With a Mazur Instruments PRM-8000 or PRM-9000 You Can: Check granite countertops, water filters, air filters, building materials and other items in your home for radioactive contamination Check for radioactivity in antiques, watch and clock dials, antique pottery, smoke detector, lantern mantels, etc. Monitor and maintain awareness amidst a nuclear accident or emergency Test for radioactive contamination of food Check for radioactivity in metal objects in your home or office that could be made of recycled radioactive materials Check for leaks or possible exposure if you work in or near an X-ray lab in a medical facility or medical office suite Check for environmental levels of radioactivity near a nuclear power facility Test the soil and environment for dangerous levels of radioactivity, if are in close proximity to uranium mines Monitor personal levels of radiation due to radiation therapy, brachytherapy or other medical procedures that rely on radioactive substancesExamples of what Geiger counters do not detect: Neutron radiation Microwave radiation Cell phone and smart meter radio frequency (RF) electro-magnetic field (EMF) radiation Radon gas (Test kits available in home improvement stores) Laser energy About Nuclear Radiation Nuclear radiation is a normal part of our planet and the cosmos. It is also a by-product of man-made actions and activities. The unfortunate catastrophe in Japan has created a new sense of urgency for personal radiation measurement to an entirely new generation of post-Cold War individuals. Against this backdrop we will provide a fundamental description of how a Geiger counter detects nuclear radiation. First a few words on radiation, and a particular type called ionizing radiation. Radiation is all around us. The sun radiates energy, radio stations radiate electromagnetic waves and radiators in apartment buildings radiate heat to keep residents warm in cold weather. However, nuclear radiation is a different type of radiation known as ionizing radiation. Ionizing Radiation - Four Primary Types Ionizing radiation alters the structure and, by association, the electric charge of individual atoms by a process known as ionization. The substances that produce ionizing radiation are said to be radioactive. There are four primary types of ionizing radiation – alpha, beta and gamma radiation as well as x-radiation (x-rays). Generally, an alpha particle can travel no more than one to three inches in the air before stopping, and can be stopped by a piece of paper. However, they can pass through a thin mica window. As we will see later, this property of mica is very important in radiation measurement. Beta radiation can pass through a sheet of paper and some clothing, but not through thin metal or glass. Beta particles can damage skin, however, both alpha and beta radiation are most harmful when inhaled or ingested. Gamma radiation occurs naturally in nature and is almost identical to x-rays. Generally, they can travel into and often times through anything. Gamma particles can be shielded with several feet of water or concrete, several inches of steel, or a smaller amount of lead. X-radiation is man-made radiation with a number of valuable uses in medicine and dentistry. X-rays are electromagnetic radiation of the same nature as light and radio waves, but they are also ionizing. They can penetrate a variety of materials, including body tissue. The shielding techniques for x-rays are similar to those for gamma radiation. This is why the x-ray technician will wear a lead apron when taking x-rays. The Geiger–Müller Tube Having discussed the nature of radiation and the four primary types of ionizing radiation, we will now move to discussing how a Geiger counter operates. Please see the figure below for the following discussion.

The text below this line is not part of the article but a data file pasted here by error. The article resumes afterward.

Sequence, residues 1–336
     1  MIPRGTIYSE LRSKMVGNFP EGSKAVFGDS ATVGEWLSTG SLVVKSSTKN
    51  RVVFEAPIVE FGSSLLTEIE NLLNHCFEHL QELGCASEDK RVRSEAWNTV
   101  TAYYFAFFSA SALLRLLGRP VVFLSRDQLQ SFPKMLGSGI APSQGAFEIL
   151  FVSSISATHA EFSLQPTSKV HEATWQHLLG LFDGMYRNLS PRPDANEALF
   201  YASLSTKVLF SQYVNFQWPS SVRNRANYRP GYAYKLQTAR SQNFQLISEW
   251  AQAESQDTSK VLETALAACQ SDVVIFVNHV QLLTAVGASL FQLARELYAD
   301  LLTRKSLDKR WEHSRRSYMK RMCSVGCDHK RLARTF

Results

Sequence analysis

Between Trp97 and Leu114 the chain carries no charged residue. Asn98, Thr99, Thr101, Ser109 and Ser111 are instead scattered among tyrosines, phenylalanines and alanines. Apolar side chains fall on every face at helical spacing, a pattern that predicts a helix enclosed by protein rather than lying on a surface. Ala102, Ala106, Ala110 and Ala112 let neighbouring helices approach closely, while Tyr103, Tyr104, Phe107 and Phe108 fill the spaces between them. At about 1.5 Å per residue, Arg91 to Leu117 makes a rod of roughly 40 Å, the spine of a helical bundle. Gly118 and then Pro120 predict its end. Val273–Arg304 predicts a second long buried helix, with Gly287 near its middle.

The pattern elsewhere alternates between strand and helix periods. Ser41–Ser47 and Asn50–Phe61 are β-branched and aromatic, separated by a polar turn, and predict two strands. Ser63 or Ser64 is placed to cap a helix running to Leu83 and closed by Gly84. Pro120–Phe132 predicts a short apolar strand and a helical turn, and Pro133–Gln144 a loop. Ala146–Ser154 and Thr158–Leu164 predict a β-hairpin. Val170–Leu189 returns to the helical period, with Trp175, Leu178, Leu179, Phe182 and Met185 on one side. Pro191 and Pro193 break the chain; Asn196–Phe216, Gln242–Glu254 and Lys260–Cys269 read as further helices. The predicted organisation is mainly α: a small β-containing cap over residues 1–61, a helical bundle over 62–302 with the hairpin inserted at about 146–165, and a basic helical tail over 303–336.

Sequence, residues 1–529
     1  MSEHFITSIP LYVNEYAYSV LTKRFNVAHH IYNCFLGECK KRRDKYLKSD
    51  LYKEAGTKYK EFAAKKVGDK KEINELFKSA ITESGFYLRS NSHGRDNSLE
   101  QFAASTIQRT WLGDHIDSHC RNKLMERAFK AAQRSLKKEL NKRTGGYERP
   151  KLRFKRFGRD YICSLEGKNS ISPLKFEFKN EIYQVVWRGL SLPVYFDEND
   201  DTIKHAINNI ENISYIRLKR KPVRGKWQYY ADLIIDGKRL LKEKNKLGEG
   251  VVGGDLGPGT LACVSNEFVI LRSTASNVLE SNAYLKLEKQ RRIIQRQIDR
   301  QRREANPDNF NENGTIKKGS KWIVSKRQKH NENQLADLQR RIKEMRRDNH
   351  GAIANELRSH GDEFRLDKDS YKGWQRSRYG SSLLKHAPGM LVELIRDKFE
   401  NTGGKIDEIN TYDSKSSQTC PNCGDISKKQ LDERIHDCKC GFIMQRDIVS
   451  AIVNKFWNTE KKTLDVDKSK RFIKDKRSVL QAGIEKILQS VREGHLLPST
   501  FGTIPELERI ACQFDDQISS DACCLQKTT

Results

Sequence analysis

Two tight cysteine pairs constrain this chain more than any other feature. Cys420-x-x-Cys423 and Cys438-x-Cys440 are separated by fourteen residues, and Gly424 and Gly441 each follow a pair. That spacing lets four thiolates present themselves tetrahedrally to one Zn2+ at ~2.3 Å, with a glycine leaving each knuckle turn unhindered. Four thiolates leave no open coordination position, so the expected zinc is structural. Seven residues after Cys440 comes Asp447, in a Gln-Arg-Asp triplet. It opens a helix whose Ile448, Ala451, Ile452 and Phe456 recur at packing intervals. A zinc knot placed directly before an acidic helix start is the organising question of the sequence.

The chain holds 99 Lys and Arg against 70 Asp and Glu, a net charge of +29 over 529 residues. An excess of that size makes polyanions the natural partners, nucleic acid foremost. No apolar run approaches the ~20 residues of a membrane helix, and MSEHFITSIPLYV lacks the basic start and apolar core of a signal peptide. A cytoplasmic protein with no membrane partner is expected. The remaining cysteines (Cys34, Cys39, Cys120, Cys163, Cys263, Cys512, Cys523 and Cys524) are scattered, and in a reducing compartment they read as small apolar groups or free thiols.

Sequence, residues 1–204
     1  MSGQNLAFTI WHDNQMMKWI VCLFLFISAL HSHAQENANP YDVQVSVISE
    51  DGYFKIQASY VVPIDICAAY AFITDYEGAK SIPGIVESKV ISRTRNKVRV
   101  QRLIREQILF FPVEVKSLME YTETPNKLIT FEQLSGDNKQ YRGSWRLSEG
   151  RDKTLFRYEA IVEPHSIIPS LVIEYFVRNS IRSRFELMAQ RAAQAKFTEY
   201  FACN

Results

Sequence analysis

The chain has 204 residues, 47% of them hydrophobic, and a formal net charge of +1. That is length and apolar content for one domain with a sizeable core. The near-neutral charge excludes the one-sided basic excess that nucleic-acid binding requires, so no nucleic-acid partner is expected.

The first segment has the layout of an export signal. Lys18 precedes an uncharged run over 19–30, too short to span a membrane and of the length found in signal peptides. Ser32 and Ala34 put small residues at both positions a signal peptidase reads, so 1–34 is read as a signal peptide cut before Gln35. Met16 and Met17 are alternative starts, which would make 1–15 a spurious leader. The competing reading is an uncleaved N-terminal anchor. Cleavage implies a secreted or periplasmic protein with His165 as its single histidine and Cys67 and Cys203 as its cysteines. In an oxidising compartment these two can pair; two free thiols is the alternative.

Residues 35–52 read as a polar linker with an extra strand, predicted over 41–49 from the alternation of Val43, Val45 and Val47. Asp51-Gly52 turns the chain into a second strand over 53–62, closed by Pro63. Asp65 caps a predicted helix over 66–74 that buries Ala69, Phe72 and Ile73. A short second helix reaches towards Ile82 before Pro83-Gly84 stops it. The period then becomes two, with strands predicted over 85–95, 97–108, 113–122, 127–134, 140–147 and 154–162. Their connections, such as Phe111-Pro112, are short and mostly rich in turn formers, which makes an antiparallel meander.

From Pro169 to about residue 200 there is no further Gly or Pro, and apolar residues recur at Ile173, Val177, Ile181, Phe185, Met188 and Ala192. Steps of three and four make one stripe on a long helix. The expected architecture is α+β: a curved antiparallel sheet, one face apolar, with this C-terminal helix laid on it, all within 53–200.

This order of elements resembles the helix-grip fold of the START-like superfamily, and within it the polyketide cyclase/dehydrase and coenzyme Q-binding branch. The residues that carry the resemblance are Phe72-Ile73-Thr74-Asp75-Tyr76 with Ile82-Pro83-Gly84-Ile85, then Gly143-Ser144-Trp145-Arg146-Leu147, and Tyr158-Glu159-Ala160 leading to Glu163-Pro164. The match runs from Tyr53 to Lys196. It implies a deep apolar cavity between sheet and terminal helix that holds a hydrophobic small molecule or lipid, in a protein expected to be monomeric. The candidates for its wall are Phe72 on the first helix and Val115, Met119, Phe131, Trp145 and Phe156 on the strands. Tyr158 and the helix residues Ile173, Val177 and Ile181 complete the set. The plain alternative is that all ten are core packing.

The Geiger–Müller Tube
Having discussed the nature of radiation and the four primary types of ionizing radiation, we will now move to discussing how a Geiger counter operates. Please see the figure below for the following discussion.
The key element within a Geiger counter is a Geiger tube that consists of two electrodes separated by a mixture of gases. High voltage is applied to the electrodes which creates an electrical field within the chamber.
When radiation passes through the chamber and ionizes the gas, a pulse of electrical current is generated. This detection will typically result in a flashing of an LED and sounding of a “beep” on most Geiger counters. The pulses are electronically processed by the instrument and the radiation level measurement is displayed. The mica window on the tube allows alpha particles to pass so that they can be detected.
Some Geiger tubes only detect beta and gamma radiation leaving users blind to the presence of alpha particles.
Detecting alpha radiation is very critical because as radioactive substances decay they oftentimes decay into elements that produce alpha radiation. If these elements find their way into the food supply, individuals risk consuming food that contain alpha particles.
This is one of the key reasons that, at present, demand for high-quality, US-made, alpha-detecting Geiger counters is at record levels in Japan.